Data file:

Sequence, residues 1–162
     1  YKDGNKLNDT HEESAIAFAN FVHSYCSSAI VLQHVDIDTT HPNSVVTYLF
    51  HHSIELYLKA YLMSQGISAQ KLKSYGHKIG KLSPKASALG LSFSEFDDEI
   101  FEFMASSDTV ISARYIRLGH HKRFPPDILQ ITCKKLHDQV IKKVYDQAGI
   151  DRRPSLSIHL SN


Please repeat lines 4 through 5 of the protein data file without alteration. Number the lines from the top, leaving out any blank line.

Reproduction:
   101  FEFMASSDTV ISARYIRLGH HKRFPPDILQ ITCKKLHDQV IKKVYDQAGI
   151  DRRPSLSIHL SN